Autumn 2013 Courses

Attendance on the first day is mandatory for all classes.

Please note: All submissions should be double-spaced (except poetry) in Word documents using a 12-point standard font, accompanied by a brief (one-paragraph) statement of purpose. Include your name, class you are applying for, quarter/year, and indicate whether you are an undergrad, a MAPH student, or a PhD student (plus department) on the document. Please also indicate whether you are doing a CW minor or thesis.

With the exception of beginning and core courses, acceptance into courses is not automatic. The course instructor will contact you before the quarter begins to let you know whether you've been accepted.

Email the committee coordinator with questions.

SUBMISSION DEADLINE: SEPTEMBER 16, 2013

Beginning Level Courses

Beginning Fiction Writing (CRWR 10200/30200, section 01)

Beginning Novel Writing: This is a class for anyone who’s interested in writing a novel and who wants the tools to get started. As a beginning class, we will focus especially on the early stages of both developing and writing a novel: choosing the POV, establishing the setting, developing the main characters and the dynamics between them, setting up the conflicts and seeding the themes of book, etc. As a class we will read, break down and discuss the architecture of three published novels as you work on your own opening chapter(s), which will be workshopped during the latter half of the course. 

Instructor: Augustus Rose. Day and Time: Tuesdays, 12:00 to 2:50 PM.

PQ: No prerequisites. Open bid through classes.uchicago.edu. Complete this form to be placed on the waiting list if the class is full.  Attendance on the first day is mandatory.

Beginning Fiction Writing (CRWR 10200/30200, section 02)

Books to Read if You Want to Write Fiction, the 1980s: Bright Lights, Big Egos: The 1980s witnessed a turning away from the experimental and postmodern fiction that dominated the late 1960s and 1970s and a return to realism. Sometimes called dirty realism, this new writing focused on everyday people and experiences and often cultivated a minimalist aesthetic. The influence of this aesthetic can still be seen in the content of contemporary literary magazines and creative writing workshops. Familiarity with this era is essential for an emerging fiction writer, and this course offers a survey of the era while staying focused on issues of craft and revision. Students will learn to read as writers as well as critics. We'll be looking at writing by Beattie, Carver, Ford, Gaitskill, Munro, and Wolff among others as well as the editorial career of Gordon Lish.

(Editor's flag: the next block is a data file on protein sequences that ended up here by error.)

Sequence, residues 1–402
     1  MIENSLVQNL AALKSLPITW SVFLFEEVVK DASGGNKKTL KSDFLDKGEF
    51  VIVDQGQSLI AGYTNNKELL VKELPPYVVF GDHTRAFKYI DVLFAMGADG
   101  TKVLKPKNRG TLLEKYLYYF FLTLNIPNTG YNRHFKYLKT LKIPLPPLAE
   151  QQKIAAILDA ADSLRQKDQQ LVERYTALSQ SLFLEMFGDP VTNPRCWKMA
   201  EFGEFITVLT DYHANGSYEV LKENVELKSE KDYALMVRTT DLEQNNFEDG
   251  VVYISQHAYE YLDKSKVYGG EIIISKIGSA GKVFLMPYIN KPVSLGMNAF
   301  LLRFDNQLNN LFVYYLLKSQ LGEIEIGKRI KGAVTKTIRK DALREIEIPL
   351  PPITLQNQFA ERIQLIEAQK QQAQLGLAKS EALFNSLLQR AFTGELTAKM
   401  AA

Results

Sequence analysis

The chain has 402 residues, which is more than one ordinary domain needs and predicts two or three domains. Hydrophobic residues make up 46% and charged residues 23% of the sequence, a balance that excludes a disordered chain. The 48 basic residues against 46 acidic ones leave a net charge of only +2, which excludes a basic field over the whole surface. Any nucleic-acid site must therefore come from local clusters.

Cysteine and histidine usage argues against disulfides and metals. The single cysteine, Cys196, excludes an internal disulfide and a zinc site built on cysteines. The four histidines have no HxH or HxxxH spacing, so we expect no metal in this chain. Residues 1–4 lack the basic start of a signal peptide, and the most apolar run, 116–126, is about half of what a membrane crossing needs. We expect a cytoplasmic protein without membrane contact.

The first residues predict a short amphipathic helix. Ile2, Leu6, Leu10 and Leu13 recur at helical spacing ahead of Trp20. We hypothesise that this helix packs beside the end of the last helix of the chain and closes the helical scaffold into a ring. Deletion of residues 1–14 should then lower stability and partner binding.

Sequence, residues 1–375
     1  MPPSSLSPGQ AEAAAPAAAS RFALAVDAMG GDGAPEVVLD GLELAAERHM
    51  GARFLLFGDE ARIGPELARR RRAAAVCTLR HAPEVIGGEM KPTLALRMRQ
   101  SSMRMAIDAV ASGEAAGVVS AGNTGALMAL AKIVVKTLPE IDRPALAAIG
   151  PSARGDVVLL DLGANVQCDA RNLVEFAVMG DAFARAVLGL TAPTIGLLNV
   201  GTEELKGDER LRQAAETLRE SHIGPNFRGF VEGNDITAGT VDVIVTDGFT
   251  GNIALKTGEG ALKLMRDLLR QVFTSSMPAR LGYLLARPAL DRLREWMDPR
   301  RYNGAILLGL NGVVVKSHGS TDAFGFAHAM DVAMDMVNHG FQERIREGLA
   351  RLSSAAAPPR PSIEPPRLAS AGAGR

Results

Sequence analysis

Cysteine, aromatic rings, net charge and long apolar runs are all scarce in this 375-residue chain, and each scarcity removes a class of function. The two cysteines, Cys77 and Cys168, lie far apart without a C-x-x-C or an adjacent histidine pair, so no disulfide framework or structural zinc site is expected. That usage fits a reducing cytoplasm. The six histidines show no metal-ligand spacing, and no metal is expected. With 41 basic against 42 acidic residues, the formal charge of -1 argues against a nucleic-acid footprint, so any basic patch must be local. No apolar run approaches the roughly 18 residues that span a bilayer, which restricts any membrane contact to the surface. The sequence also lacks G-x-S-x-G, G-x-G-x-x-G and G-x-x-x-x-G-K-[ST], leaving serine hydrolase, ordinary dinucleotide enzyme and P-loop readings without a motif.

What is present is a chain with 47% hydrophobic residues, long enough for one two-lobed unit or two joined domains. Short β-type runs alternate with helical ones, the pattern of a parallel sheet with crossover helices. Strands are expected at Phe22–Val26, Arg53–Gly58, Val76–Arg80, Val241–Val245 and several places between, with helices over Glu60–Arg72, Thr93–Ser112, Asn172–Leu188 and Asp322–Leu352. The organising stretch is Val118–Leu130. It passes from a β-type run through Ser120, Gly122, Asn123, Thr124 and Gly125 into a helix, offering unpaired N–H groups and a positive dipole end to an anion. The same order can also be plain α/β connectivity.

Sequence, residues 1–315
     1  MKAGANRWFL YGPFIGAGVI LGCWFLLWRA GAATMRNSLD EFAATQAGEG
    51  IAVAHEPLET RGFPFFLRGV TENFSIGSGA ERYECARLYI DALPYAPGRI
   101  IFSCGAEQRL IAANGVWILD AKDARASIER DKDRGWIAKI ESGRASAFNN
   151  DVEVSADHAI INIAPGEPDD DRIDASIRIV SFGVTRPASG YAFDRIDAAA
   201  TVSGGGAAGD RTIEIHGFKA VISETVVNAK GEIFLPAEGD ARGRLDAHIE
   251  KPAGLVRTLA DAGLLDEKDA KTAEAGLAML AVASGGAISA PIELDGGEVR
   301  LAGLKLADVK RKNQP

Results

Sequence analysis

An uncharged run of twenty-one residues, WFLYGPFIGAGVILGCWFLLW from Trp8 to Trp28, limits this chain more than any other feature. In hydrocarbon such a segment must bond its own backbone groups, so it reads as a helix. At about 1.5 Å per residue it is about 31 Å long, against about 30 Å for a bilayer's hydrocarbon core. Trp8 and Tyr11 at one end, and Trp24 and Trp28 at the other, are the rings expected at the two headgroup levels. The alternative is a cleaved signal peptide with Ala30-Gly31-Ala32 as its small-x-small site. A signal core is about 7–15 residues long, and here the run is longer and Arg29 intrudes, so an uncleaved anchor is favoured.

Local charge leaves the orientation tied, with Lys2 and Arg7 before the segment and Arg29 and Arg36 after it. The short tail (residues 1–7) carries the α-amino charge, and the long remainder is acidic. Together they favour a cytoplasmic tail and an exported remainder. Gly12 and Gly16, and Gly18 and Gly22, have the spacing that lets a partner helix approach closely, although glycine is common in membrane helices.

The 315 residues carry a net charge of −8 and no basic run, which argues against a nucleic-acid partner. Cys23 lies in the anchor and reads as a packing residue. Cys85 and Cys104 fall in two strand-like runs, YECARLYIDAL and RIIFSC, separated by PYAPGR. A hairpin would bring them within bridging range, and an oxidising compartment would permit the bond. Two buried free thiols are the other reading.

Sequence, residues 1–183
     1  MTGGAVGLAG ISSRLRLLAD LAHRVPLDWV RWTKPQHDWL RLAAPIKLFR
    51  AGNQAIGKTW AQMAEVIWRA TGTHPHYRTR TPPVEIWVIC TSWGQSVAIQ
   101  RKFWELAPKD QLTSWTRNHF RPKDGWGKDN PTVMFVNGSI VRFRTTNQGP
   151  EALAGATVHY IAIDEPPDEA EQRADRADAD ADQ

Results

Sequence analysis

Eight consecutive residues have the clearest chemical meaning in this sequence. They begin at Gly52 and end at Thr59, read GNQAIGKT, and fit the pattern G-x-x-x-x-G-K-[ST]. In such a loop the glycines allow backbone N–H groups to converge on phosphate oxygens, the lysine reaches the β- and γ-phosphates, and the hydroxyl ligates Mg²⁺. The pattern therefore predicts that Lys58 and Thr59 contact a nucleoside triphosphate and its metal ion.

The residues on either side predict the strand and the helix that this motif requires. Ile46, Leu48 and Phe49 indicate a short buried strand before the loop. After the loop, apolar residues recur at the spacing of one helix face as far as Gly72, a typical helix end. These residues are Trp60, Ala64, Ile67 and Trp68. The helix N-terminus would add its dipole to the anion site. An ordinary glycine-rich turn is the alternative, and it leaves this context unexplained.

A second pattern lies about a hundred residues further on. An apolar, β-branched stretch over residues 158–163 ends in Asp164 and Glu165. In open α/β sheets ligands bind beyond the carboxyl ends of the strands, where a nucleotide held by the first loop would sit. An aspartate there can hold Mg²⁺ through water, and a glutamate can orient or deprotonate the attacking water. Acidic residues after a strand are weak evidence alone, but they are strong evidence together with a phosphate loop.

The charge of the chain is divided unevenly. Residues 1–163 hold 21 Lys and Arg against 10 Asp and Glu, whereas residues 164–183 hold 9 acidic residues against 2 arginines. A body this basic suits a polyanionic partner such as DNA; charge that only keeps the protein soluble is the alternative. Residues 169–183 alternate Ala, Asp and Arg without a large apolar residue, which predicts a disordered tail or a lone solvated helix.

Instructor: Paul Durica. Day and Time: Wednesdays, 9:30 AM to 12:20 PM.

PQ: No prerequisites. Open bid through classes.uchicago.edu. Complete this form to be placed on the waiting list if the class is full.  Attendance on the first day is mandatory.

Beginning Fiction Writing (CRWR 10200/30200, section 03)

Introduction to Fiction Writing: This is a workshop-style course where students shall read a collection of mostly short stories by established masters (Poe, O’Connor, Carver, Hempel) and contemporary practitioners (Sherman Alexie, Anthony Doerr) and then workshop several pieces of their own fiction. Discussion will revolve around basic elements of story craft—point of view, pacing, character development, etc.—in an effort to define the ways in which a full narrative can be conveyed with economy, precision, and ultimately, power.

Instructor: Baird Harper. Day and Time: Thursdays, 12:00 to 2:50 PM

PQ: No prerequisites. Open bid through classes.uchicago.edu. Complete this form to be placed on the waiting list if the class is full.  Attendance on the first day is mandatory.

Beginning Poetry Writing (CRWR 10300/30300, section 01)